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Electronic Communication Technologies, LLC v. ShoppersChoice.com, LLC

Patent Office’s Quick Allowance of Claim Does Not Indicate Patent-Eligibility

Electronic Communication Technologies, LLC v. ShoppersChoice.com, LLC, __ F.3d __, 2020 WL 2479692 (Fed. Cir. May 14, 2020) (PROST, Dyk, Wallach) (S.D. Fla.: Marra) (2 of 5 stars)

Fed Cir affirms judgment on the pleadings that ECT’s asserted claim is invalid under § 101. ECT’s claim relates to a system for receiving notifications on a device “involving advance notice of a delivery or pickup.” The opinion applies the two-step Alice/Mayo framework. At step one, the district court correctly determined that ECT’s claim is directed to the abstract idea of providing advance notification of a pickup or delivery. The opinion describes this as a “fundamental business practice.” Op. at 5. To the extent the claim adds additional measures purporting to add security, those are also abstract. ECT’s contention that its claim is unique, without more, does not make it non-abstract. ECT’s contention that the application “sailed through” prosecution, and that the Patent Office “double checked” patent eligibility after issuing the notice of allowance, “bear no relationship to the subject matter to which claim 11 is directed and do not negate the fact that claim 11 is directed to longstanding business practices.” Op. at 8. At step two, the opinion describes how ECT’s claim lacks an inventive concept sufficient to confer patent-eligibility. That prior opinions have held a “far shorter” claim patent eligible is not contradictory, nor does ECT’s contention that “less enabled” claims have been held patent eligible. That the district court did not engage in claim construction before deciding eligibility was not improper because ECT had identified no term requiring construction before eligibility could be evaluated.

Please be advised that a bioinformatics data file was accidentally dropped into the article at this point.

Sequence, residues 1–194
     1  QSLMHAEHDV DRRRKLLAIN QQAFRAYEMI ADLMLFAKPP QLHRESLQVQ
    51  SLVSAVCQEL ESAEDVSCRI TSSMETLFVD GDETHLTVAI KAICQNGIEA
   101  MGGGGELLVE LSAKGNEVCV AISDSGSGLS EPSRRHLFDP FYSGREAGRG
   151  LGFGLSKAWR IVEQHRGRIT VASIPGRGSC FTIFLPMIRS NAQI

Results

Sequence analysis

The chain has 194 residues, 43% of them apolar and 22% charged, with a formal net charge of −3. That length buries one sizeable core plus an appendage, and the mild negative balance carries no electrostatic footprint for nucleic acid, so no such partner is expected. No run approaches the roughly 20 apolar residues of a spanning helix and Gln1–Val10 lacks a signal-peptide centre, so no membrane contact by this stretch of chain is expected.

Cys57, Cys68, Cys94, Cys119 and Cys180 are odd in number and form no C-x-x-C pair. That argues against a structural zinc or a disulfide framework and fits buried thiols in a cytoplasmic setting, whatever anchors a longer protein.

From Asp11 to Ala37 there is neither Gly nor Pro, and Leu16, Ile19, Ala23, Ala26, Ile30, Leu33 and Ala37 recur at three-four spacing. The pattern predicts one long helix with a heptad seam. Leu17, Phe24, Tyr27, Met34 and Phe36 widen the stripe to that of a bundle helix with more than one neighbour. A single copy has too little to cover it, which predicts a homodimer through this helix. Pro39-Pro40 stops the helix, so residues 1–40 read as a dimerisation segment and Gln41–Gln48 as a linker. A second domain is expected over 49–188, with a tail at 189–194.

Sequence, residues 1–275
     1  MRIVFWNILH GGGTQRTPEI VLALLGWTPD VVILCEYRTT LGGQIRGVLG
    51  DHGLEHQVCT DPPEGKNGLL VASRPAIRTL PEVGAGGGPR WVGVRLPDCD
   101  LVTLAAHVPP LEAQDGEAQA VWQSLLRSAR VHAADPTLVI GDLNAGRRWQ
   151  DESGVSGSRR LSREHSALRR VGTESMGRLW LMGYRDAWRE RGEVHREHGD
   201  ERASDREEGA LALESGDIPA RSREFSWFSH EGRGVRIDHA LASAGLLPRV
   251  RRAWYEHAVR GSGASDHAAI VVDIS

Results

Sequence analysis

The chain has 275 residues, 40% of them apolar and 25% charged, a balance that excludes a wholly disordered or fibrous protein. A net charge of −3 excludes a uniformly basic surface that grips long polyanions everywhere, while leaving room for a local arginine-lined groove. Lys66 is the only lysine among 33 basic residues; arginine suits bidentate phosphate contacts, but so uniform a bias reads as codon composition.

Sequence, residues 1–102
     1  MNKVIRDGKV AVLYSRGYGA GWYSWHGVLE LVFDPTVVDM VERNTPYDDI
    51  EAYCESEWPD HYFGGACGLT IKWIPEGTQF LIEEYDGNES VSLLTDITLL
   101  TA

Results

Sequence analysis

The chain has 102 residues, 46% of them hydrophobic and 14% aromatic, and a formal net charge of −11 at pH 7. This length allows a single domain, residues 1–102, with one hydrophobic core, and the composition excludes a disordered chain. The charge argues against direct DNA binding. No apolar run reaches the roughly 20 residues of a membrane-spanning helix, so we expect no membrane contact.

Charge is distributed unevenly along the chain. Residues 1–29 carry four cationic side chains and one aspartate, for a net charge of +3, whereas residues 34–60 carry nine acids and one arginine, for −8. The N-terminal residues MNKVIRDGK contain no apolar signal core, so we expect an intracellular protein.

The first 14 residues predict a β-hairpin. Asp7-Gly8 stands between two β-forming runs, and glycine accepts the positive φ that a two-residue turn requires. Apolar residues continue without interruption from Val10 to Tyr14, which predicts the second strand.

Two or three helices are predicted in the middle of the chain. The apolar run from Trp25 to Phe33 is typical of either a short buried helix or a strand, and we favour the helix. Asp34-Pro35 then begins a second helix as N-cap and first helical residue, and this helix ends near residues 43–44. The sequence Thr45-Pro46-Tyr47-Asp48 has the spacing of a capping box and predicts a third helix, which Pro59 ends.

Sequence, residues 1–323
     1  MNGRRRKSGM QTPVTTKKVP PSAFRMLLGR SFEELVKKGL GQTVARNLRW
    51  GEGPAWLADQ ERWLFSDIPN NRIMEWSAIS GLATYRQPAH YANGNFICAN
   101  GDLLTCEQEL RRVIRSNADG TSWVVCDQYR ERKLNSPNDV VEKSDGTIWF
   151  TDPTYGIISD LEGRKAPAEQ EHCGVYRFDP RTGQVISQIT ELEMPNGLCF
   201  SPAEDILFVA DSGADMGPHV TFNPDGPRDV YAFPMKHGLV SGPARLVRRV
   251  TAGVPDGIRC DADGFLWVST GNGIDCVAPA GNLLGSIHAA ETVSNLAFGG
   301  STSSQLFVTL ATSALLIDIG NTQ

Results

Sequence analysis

KEYWORDS: SUBJECT-MATTER ELIGIBILITY